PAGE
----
It is sweltering outside, but in Georgia, the school year begins on August 1st. Out of camaraderie with the rest of our community, we commence as well. Besides, what better things could one be doing when it is nearly 100 degrees outside? Although, with a looming book deadline, I am occasionally “Writing at Burger King.”
This new academic year marks a milestone for us: Oldest Son is a high school senior. But Middle Son is in third-grade, while Curly Moppet, at three, is just working on some preschool basics. When asked, she proudly says she is in “Fairy School.”
I start finding random pieces of paper around the house, where someone has carefully inscribed “OIL” over and over. Soon, the scribe starts adding new letters before and after the familiar pattern—“HOILOH” or “MHOILHOHM.” As papyrologists would say, the scribe has a steady highly legible professional hand with minimal flourishes. Unfortunately, the scribe displays an occasional predilection for writing on the walls.
One day a menu for “The Cannibal Diner” appears on the garage door. Vivid illustrations accompany highly detailed descriptions of dishes. Entrails predominate. The author’s high literacy level suggests that this is someone different than the Walls Scribe.
We drive fifteen minutes deep into the Georgia countryside that begins just outside our door. At first, grazing cows grace the pastures on both sides of the road, but swiftly they give way to empty, wilder greenery. First we are on the county road, then a side road, and finally we bounce down the twisty unpaved dirt road that kicks up dust and pebbles relentlessly. If we did not know that the road was there, we would never find it. Then at last, in the middle of a forest clearing, we reach our destination: a soccer field. It is here that a local Baptist church hosts a small soccer league every fall, meeting for practices and games twice a week from early September to early November.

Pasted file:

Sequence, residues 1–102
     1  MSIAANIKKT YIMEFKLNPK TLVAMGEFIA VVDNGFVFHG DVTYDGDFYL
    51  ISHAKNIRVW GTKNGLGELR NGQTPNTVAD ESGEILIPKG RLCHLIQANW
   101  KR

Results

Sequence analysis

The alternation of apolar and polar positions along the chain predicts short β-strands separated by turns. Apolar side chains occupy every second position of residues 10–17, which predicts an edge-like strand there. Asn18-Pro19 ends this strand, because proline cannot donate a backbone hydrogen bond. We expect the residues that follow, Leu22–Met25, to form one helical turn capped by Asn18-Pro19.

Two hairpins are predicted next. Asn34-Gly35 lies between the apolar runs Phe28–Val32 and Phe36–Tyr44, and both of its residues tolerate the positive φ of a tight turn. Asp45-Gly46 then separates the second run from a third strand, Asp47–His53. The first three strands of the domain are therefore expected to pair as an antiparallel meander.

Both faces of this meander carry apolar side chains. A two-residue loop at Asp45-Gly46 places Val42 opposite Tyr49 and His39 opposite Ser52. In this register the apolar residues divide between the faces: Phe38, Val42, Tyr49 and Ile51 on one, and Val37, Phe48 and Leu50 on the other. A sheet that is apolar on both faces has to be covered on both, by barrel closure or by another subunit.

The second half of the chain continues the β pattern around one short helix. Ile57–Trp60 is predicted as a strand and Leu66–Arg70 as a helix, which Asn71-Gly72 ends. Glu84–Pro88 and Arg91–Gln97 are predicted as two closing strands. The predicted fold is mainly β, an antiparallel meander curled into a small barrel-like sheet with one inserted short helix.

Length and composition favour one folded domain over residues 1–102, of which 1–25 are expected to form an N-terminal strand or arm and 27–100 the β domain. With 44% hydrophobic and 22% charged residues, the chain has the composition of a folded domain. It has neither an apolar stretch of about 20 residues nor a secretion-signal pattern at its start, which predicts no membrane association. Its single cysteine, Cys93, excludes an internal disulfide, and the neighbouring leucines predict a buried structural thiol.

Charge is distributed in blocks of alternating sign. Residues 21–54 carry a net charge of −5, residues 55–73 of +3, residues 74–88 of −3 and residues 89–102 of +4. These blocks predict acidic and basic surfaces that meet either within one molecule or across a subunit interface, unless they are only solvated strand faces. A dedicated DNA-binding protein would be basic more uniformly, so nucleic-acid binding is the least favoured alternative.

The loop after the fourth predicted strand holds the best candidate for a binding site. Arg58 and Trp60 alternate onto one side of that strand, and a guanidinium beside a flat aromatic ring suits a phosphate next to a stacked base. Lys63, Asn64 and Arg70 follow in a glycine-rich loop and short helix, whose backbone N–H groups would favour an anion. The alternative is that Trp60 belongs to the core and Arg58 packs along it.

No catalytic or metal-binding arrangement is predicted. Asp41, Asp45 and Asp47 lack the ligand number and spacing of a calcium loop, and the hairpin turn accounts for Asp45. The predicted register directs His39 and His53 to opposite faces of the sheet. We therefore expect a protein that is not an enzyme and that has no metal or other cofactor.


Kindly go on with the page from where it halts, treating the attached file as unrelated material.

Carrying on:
My youngest player displays an aversion to conflict. Any time a ball rolls near her or—worst of all!—threatens to come into her possession, she screams and runs in the opposite direction. It doesn’t seem to harm her team’s chances of winning or losing. None of the players on either team seem to remember which goal is theirs.
A devotional break punctuates the halftime of each game, and snacks of the sort I don’t stock at home are handed out at the end. The players are thrilled. Tuesday evening games conclude at 7:30pm. As humans depart the field, crickets and fireflies promptly take over for their own games. Without fail, one or both of my young players fall asleep in the car on the drive home.
Every Wednesday, the two soccer players trade their jerseys for art smocks as we drive in the opposite direction, to another country road surrounded by small farms. There, they take art lessons from a gifted artist. She retired from teaching public school art years ago and has been teaching homeschool art classes at her home ever since. A zipline connects two trees in her yard, so we must get there early, Middle Son insists, so he can zip back and forth a couple of times before class. Curly Moppet, afraid of the zipline, prefers to scale up to the top of the trees instead. She has become an adept climber, at least, over the course of the fall. At first likely to get stuck at the top of a tree and require assistance getting down, she can now make the downward climb herself with remarkable ease.